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Music Piracy and Its Effects on Demand, Supply, and Welfare

In: Innovation Policy and the Economy, Volume 12

  • Joel Waldfogel

Executive SummaryThe decade since Napster has seen a dramatic reduction in revenue to the recorded music industry, and organizations representing the recording industry have argued, first, that piracy explains this revenue reduction and, second, that the effective weakening of copyright protection for recorded music will reduce the amount of new music coming to market. Much of the research in this area has sought to document the effect of file sharing on the recording industry' revenue, and most observers agree that technological change has sharply reduced the effective degree of protection that copyright affords since 1999. But a separate and potentially more important question is what has happened to the supply of new music in the decade since file sharing. This paper reports findings from emerging literatures on these questions. A new index of the quantity of new music derived from critics' best-of lists suggests that the quantity of new consequential recorded music has not declined since Napster.

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This chapter was published in:
  • Josh Lerner & Scott Stern, 2012. "Innovation Policy and the Economy, Volume 12," NBER Books, National Bureau of Economic Research, Inc, number lern11-2.
  • This item is provided by National Bureau of Economic Research, Inc in its series NBER Chapters with number 12454.
    Handle: RePEc:nbr:nberch:12454
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    1. Bellemare, Marc F. & Holmberg, Andrew M., 2010. "The Determinants of Music Piracy in a Sample of College Students," MPRA Paper 23641, University Library of Munich, Germany.
    2. Zentner, Alejandro, 2006. "Measuring the Effect of File Sharing on Music Purchases," Journal of Law and Economics, University of Chicago Press, vol. 49(1), pages 63-90, April.
    3. Hui Kai-Lung & Png Ivan, 2003. "Piracy and the Legitimate Demand for Recorded Music," The B.E. Journal of Economic Analysis & Policy, De Gruyter, vol. 2(1), pages 1-24, September.
    4. Marie Connolly & Alan B. Krueger, 2005. "Rockonomics: The Economics of Popular Music," NBER Working Papers 11282, National Bureau of Economic Research, Inc.
    5. David Bounies & Marc Bourreau & Patrick Waelbroeck, 2007. "Pirates or Explorers ?Analysis of Music Consumption in French Graduate Schools," Brussels Economic Review, ULB -- Universite Libre de Bruxelles, vol. 50(2), pages 167-192.
    6. Varian, Hal R, 2000. "Buying, Sharing and Renting Information Goods," Journal of Industrial Economics, Wiley Blackwell, vol. 48(4), pages 473-88, December.
    7. Hong, Seung-Hyun, 2007. "The recent growth of the internet and changes in household-level demand for entertainment," Information Economics and Policy, Elsevier, vol. 19(3-4), pages 304-318, October.
    8. Rob, Rafael & Waldfogel, Joel, 2006. "Piracy on the High C's: Music Downloading, Sales Displacement, and Social Welfare in a Sample of College Students," Journal of Law and Economics, University of Chicago Press, vol. 49(1), pages 29-62, April.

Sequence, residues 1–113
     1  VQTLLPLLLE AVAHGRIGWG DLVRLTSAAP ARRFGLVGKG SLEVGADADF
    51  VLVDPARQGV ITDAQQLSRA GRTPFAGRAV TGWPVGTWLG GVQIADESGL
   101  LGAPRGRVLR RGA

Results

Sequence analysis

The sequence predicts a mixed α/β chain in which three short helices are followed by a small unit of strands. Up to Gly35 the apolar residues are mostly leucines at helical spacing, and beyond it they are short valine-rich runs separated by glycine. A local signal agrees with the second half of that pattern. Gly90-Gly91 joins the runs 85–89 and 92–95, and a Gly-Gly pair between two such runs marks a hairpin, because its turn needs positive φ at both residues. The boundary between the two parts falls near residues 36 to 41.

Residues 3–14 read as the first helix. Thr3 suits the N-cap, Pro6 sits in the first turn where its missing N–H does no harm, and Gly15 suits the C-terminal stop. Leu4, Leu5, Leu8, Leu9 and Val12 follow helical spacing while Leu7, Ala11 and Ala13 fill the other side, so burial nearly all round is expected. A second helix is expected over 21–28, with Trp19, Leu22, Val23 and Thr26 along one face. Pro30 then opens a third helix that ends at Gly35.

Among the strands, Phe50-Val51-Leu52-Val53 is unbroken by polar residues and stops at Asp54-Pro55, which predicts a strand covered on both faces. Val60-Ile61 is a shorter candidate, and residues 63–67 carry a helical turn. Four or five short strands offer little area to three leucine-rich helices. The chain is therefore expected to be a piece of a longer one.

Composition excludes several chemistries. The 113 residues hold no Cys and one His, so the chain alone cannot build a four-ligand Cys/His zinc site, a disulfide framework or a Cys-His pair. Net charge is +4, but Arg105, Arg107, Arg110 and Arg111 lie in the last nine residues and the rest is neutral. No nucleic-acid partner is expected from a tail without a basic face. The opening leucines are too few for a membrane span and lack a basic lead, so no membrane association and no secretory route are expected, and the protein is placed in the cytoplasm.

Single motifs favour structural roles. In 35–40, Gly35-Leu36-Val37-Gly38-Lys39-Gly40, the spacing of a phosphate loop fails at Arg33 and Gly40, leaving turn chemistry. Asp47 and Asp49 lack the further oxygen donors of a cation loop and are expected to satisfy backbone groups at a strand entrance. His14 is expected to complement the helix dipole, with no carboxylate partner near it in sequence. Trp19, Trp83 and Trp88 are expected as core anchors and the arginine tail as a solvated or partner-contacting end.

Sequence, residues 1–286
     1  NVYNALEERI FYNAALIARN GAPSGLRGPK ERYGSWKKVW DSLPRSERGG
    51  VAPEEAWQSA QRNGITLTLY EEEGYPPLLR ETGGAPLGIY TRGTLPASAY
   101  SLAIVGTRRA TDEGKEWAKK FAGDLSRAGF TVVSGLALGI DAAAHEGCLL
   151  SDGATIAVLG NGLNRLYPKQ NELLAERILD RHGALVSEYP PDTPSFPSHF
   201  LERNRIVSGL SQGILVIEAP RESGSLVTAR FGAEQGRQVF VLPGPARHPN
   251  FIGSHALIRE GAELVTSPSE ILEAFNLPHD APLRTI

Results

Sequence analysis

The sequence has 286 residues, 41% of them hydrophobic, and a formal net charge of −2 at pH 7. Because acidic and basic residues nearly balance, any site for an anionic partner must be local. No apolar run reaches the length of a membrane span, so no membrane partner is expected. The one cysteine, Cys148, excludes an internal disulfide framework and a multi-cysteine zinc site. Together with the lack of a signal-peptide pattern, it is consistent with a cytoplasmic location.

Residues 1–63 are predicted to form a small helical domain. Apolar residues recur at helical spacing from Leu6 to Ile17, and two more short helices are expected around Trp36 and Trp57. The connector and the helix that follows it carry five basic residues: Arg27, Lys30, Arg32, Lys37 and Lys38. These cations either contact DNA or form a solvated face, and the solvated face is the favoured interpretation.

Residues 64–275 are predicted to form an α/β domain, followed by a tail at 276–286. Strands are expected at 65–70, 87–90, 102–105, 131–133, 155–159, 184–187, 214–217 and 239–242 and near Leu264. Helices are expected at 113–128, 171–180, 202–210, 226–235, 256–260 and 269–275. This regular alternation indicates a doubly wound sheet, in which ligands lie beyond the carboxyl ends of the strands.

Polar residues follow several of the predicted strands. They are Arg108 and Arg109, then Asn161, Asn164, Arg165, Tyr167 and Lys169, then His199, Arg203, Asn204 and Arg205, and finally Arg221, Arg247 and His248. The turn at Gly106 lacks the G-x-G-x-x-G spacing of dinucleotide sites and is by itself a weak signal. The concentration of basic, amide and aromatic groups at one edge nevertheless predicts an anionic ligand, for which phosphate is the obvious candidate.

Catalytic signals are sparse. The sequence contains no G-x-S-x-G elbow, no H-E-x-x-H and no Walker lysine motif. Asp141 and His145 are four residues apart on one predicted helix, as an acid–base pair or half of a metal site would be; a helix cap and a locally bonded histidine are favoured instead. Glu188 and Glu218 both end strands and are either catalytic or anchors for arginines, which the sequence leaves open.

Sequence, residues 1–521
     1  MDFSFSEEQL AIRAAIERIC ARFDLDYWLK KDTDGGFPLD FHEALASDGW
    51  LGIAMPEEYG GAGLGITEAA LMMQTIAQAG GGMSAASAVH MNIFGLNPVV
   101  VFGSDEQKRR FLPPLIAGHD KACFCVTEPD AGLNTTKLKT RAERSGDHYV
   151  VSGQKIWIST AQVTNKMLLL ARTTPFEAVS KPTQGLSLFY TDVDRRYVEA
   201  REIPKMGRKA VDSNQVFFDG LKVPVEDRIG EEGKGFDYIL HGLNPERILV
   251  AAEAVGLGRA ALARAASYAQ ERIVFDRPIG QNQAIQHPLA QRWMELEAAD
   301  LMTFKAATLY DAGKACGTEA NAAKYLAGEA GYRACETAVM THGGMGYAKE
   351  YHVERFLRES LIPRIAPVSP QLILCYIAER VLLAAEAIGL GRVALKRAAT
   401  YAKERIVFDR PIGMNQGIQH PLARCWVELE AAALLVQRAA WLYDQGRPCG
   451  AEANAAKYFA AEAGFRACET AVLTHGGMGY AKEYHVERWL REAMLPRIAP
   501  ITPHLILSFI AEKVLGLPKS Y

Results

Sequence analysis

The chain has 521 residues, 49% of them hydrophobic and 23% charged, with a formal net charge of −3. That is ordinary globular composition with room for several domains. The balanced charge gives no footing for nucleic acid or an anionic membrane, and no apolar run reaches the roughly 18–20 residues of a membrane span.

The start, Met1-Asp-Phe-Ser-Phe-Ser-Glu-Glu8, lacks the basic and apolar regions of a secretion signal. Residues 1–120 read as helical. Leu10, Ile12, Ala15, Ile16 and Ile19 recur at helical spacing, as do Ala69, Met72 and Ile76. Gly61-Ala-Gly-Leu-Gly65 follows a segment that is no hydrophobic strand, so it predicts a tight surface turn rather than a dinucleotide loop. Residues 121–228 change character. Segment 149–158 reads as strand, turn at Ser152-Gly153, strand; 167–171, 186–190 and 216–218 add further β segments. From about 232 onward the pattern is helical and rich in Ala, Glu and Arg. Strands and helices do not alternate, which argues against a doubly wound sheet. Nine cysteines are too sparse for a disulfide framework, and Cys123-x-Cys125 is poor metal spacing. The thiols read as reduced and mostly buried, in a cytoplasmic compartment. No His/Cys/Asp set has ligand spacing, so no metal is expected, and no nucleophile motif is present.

9. Julie Holland Mortimer & Chris Nosko & Alan Sorensen, 2010. "Supply Responses to Digital Distribution: Recorded Music and Live Performances," NBER Working Papers 16507, National Bureau of Economic Research, Inc.
    10. Waldfogel, Joel, 2010. "Music file sharing and sales displacement in the iTunes era," Information Economics and Policy, Elsevier, vol. 22(4), pages 306-314, December.
    11. Michel Norbert J, 2006. "The Impact of Digital File Sharing on the Music Industry: An Empirical Analysis," The B.E. Journal of Economic Analysis & Policy, De Gruyter, vol. 6(1), pages 1-24, September.
    12. Bhattacharjee, Sudip & Gopal, Ram D & Lertwachara, Kaveepan & Marsden, James R, 2006. "Impact of Legal Threats on Online Music Sharing Activity: An Analysis of Music Industry Legal Actions," Journal of Law and Economics, University of Chicago Press, vol. 49(1), pages 91-114, April.
    13. Stan J. Liebowitz & Richard Watt, 2006. "How To Best Ensure Remuneration For Creators In The Market For Music? Copyright And Its Alternatives," Journal of Economic Surveys, Wiley Blackwell, vol. 20(4), pages 513-545, 09.
    14. Boldrin,Michele & Levine,David K., 2008. "Against Intellectual Monopoly," Cambridge Books, Cambridge University Press, number 9780521879286, June.
    15. Tyler Cowen, 2000. "Creative industries: contracts between art and commerce, by Caves, R.E. Cambridge and London: Harvard University Press, 2000, ix + 454 pp., $45.00 (cloth)," Managerial and Decision Economics, John Wiley & Sons, Ltd., vol. 21(5), pages 208-209.
    16. Bakos, Yannis & Brynjolfsson, Erik & Lichtman, Douglas, 1999. "Shared Information Goods," Journal of Law and Economics, University of Chicago Press, vol. 42(1), pages 117-55, April.
    17. Peitz, Martin & Waelbroeck, Patrick, 2006. "Piracy of digital products: A critical review of the theoretical literature," Information Economics and Policy, Elsevier, vol. 18(4), pages 449-476, November.
    18. Peitz, Martin & Waelbroeck, Patrick, 2006. "Why the music industry may gain from free downloading -- The role of sampling," International Journal of Industrial Organization, Elsevier, vol. 24(5), pages 907-913, September.
    19. Stan J. Liebowitz, 2005. "Economists Examine File-Sharing and Music Sales," Industrial Organization 0505001, EconWPA.
    20. Liebowitz, Stan J, 2006. "File Sharing: Creative Destruction or Just Plain Destruction?," Journal of Law and Economics, University of Chicago Press, vol. 49(1), pages 1-28, April.
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